~

Have you read any of the books I’ve mentioned here? Do you have any other novels about medicine through time to recommend?

20 thoughts on “Historical Musings #52: Medicine through time

  1. Sandra says:

    What a great list, Helen. I was hoping you would include Claire from Outlander but there are several others here that I would like to try including the new series by Ambrose Parry.

    • Helen says:

      Claire was one of the first characters to come to mind when I started to put this post together! I didn’t love the first Ambrose Parry book, but I liked it enough to want to try the second one in the series.

  2. FictionFan says:

    Great list with lots of variety! Brother Cadfael always ended up investigating murder but his “day job” was herbalist and mediciner for the abbey. And if you’re willing to include supporting characters, then Brother Guy in the Shardlake novels is one of my favourite historical healers.

    • Helen says:

      Guy from the Shardlake books did cross my mind when I started to think about writing this post, but I forgot to include him. I also forgot all about Brother Cadfael! In fact, you’ve reminded me that I need to read the second book in that series. I enjoyed the first one but for some reason still haven’t continued.

  3. whatcathyreadnext says:

    I’ve read The Physician but never got around to reading the rest of the series. I’ve also read the Ambrose Parry and have the next in the series in my wishlist. Other ones I thought of are: The Winter Soldier by Daniel Mason (medical student posted to front in WW1), The Wages of Sin by Kaite Welsh (female medical student) and The Secret of Vesalius by Jordi Llobregat (murders linked to 16th century antagonist). I bet there are lots more…

    • Helen says:

      Yes, I’m sure there will be a lot as medicine is such a popular subject for historical fiction. I haven’t read any of the books you’ve mentioned so will have to investigate!

    • Helen says:

      Yes, definitely. I struggled a bit with the first book because of all the unfamiliar naval terminology, but it gets easier as the series continues. I’m six books into the series now and looking forward to reading the rest.

  4. piningforthewest says:

    I enjoyed Merivel and have read the first book in the Aubrey and Maturin series, I must get around to the second one as I already have the third book. I believe that Mary Stewart’s Thornyhold has a sort of white witch character in it.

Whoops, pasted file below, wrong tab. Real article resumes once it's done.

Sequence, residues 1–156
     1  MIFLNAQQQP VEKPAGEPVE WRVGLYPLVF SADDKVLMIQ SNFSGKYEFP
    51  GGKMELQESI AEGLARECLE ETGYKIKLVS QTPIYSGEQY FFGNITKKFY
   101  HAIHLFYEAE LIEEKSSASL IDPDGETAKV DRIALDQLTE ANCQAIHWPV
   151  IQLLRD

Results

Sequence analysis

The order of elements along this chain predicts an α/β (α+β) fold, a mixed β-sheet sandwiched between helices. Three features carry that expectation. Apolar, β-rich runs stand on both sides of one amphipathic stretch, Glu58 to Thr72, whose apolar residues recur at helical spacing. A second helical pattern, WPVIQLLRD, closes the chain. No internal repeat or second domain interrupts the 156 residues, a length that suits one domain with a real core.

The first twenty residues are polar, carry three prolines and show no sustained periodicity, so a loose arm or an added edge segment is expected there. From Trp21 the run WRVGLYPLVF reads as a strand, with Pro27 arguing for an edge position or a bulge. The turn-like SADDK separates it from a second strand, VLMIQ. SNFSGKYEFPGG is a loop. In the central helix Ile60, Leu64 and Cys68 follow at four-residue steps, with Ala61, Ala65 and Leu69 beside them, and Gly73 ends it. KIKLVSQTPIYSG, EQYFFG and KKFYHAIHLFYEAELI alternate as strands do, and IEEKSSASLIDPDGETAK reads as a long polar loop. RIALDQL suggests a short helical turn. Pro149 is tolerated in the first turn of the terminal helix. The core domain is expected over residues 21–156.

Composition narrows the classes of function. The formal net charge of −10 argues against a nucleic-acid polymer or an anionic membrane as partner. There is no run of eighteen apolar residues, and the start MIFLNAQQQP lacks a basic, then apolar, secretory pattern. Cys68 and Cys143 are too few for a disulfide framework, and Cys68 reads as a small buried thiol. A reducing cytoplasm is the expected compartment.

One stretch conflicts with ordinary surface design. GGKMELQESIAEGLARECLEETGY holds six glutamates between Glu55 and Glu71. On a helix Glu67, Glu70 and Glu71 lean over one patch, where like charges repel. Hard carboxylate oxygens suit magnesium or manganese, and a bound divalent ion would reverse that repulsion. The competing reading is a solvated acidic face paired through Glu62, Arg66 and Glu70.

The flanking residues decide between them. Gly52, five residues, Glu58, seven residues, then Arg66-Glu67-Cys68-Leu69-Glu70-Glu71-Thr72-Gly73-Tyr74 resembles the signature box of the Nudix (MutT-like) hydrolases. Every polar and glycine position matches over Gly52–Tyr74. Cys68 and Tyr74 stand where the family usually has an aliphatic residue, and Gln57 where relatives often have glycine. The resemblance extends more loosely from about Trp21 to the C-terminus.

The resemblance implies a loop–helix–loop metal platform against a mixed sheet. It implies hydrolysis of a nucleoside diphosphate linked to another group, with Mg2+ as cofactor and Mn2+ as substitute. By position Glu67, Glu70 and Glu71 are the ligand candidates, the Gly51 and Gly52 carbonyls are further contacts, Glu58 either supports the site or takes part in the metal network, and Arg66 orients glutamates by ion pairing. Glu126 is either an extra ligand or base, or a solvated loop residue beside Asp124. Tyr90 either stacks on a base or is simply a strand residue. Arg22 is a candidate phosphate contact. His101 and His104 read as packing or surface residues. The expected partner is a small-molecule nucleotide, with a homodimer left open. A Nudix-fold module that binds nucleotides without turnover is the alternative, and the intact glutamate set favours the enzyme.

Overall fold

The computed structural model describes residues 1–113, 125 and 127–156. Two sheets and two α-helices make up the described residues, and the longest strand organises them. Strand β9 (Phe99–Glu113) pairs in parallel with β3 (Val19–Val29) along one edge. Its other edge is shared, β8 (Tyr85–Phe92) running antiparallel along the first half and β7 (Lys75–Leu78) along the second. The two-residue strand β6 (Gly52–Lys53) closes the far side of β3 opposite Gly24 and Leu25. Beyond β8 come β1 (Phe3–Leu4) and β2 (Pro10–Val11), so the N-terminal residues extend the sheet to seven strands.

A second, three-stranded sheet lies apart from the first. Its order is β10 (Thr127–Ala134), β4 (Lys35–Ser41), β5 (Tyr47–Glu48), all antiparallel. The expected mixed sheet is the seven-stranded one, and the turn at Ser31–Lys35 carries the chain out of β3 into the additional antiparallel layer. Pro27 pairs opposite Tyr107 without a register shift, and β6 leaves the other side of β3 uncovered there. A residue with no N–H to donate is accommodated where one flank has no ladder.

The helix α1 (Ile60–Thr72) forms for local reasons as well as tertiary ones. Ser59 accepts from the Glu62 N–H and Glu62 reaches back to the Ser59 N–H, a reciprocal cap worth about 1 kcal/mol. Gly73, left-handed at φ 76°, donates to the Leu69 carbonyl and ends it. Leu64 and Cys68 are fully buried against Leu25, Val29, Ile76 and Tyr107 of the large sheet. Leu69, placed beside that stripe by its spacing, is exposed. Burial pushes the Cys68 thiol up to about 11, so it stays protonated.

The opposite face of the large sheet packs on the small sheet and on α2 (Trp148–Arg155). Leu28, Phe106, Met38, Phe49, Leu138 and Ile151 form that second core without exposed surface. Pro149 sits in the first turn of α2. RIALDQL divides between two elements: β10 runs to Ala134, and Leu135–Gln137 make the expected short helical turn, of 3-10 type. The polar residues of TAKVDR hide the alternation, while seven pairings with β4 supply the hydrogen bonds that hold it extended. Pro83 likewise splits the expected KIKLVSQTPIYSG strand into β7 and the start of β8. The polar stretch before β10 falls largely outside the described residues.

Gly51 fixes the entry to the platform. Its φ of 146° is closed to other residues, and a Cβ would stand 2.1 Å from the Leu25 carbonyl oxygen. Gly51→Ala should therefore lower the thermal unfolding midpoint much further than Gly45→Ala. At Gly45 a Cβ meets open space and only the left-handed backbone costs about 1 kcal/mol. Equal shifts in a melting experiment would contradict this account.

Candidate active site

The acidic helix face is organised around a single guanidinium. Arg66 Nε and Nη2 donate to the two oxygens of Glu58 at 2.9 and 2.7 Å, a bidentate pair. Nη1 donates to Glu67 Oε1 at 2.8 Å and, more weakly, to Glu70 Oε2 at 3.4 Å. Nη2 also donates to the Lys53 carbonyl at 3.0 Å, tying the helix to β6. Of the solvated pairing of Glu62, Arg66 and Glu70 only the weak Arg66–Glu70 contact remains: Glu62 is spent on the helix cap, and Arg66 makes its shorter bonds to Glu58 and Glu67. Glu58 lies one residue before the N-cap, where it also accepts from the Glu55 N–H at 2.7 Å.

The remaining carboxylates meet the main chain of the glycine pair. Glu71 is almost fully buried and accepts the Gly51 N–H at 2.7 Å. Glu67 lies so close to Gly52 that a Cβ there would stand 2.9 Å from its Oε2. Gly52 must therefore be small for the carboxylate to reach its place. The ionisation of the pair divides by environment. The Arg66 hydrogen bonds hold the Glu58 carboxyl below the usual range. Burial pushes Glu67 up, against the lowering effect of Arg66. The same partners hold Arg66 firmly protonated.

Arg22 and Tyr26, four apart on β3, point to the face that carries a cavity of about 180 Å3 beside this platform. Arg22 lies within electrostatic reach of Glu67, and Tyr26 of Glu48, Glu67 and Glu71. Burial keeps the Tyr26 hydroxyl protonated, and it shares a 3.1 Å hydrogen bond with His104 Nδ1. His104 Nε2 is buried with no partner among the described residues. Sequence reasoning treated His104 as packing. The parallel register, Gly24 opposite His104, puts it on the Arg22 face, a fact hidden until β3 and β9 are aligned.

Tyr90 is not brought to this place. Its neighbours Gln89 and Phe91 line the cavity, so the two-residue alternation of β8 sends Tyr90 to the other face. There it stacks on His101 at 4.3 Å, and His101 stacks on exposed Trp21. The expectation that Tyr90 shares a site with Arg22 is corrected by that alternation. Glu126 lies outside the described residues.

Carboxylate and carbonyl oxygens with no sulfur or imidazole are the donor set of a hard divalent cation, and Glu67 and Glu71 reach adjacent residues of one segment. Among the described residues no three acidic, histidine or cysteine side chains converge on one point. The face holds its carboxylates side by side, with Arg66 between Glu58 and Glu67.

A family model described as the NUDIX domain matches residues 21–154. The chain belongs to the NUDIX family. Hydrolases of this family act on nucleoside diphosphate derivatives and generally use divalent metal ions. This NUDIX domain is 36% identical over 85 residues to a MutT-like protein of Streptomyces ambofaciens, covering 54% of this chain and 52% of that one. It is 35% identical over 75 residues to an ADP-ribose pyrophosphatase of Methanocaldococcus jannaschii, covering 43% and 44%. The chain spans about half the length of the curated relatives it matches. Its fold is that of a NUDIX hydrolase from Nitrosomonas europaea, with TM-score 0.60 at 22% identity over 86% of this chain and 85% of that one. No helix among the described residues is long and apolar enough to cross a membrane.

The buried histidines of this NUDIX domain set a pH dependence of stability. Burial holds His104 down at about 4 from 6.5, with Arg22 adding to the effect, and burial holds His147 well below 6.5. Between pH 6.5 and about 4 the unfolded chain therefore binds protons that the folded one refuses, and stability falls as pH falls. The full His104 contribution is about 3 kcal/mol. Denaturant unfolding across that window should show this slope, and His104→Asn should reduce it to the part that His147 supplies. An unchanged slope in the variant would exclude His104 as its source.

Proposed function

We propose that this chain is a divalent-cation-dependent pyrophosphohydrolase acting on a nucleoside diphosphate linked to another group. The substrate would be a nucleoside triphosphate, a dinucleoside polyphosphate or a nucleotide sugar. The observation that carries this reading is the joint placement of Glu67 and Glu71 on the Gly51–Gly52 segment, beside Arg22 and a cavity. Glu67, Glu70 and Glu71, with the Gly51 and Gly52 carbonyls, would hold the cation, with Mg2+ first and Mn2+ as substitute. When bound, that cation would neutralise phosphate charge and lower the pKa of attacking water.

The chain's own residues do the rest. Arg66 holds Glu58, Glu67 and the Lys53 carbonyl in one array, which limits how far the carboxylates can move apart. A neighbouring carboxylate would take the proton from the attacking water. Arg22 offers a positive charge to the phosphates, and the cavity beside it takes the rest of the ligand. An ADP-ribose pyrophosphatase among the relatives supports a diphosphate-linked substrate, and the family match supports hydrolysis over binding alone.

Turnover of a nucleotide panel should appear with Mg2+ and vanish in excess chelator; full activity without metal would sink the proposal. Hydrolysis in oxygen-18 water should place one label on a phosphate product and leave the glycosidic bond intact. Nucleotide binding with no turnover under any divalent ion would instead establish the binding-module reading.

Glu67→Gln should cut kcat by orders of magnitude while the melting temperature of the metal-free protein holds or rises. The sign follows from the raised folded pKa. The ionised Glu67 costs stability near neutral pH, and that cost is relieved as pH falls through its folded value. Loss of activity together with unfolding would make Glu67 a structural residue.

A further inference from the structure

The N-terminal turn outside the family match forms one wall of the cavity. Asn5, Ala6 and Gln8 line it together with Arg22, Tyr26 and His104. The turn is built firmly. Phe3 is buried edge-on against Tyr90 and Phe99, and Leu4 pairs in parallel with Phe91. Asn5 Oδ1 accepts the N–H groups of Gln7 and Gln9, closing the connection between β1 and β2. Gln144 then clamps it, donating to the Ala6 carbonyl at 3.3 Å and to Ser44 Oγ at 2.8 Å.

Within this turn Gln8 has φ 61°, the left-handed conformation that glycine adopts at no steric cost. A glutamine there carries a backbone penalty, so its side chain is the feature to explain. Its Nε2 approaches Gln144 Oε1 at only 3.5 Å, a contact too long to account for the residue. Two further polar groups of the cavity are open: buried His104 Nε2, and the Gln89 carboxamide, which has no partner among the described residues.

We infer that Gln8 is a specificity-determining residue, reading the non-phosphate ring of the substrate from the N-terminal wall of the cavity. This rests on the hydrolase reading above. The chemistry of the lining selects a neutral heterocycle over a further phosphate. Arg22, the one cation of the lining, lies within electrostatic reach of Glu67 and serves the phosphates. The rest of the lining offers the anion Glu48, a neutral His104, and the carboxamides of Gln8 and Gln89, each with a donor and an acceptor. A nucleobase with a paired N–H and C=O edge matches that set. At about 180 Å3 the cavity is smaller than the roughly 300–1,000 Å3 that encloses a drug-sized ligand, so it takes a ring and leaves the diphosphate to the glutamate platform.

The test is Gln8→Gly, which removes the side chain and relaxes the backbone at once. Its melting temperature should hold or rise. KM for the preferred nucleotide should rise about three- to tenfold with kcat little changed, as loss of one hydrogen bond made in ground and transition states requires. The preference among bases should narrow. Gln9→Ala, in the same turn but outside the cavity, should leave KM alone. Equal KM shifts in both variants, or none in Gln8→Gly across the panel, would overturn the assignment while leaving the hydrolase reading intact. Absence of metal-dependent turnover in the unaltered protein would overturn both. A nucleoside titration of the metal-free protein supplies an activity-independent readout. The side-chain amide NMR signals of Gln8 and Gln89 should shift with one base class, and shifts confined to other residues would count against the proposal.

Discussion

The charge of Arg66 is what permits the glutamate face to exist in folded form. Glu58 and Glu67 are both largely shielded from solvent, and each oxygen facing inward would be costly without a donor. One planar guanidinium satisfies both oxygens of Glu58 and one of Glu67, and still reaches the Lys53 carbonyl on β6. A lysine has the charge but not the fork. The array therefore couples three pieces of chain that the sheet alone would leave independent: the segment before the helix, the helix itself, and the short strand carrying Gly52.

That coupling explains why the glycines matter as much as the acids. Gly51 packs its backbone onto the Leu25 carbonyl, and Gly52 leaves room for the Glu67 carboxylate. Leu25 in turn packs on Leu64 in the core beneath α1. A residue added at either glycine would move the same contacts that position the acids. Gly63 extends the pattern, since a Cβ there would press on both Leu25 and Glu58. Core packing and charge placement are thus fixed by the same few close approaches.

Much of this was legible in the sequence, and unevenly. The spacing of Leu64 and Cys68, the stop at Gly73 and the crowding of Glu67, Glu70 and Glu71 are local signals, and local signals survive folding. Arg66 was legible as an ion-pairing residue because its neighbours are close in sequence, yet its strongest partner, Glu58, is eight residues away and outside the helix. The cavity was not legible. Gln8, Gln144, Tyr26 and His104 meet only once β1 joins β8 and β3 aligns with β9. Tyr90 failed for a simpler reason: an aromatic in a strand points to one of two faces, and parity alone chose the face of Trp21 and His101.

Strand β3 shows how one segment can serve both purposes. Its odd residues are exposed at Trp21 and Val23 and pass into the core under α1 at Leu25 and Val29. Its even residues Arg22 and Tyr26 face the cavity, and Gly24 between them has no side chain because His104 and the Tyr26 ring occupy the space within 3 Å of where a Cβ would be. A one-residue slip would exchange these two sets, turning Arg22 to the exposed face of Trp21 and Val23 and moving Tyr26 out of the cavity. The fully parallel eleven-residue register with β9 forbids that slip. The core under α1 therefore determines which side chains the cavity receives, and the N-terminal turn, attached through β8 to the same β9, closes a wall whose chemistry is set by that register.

• Helen says:

      Yes, you’re right about Thornyhold. I forgot that one. And I loved the second Aubrey and Maturin book as there was much more land-based action than in the first book!

  5. April Munday says:

    As a teenager I read Dear and Glorious Physician by Taylor Caldwell. It’s the fictional life of St. Luke,who wrote the third Gospel and was a doctor. I seem to remember that he was a slave, or there were slaves involved. Anyway, I enjoyed it.

  6. Judy Krueger says:

    Great post! I have read Shaman and loved it! I didn’t know there was an earlier book by Gordon. Also The White Witch is one of my favorite Goudge books. That is saying a lot because I loved all of her novels. Cutting for Stone did not hit me as great when I read it but I know tons of people loved it. My husband is considering rereading the O’Brian series and I may join him this time.

    • Helen says:

      I’m glad you loved Shaman too, Judy. I thought The Physician was even better! And yes, The White Witch is a great book by Goudge, although I still have a few of hers left to read.

  7. Laurie @ RelevantObscurity says:

    I thoroughly enjoyed The Mistress of the Art of Death. I liked the characters and all the plot points thought Franklin did a good job with the historical aspects of the story. You have reminded me that I so liked the film, The Physician, and I have been meaning to read the book!

  8. jessicabookworm says:

    Helen, I have read Margaret Skea’s wonderful By Sword and Storm, and in the previous books, Turn of the Tide and A House Divided, we see Maggie interest in medicine come from her mother’s gift for herbs and healing, which gets her accused of being a witch in the second book.

    • Helen says:

      I enjoyed By Sword and Storm, so I would like to read the previous two books one day. I would be interested to read more about Maggie and her mother and their gifts for healing.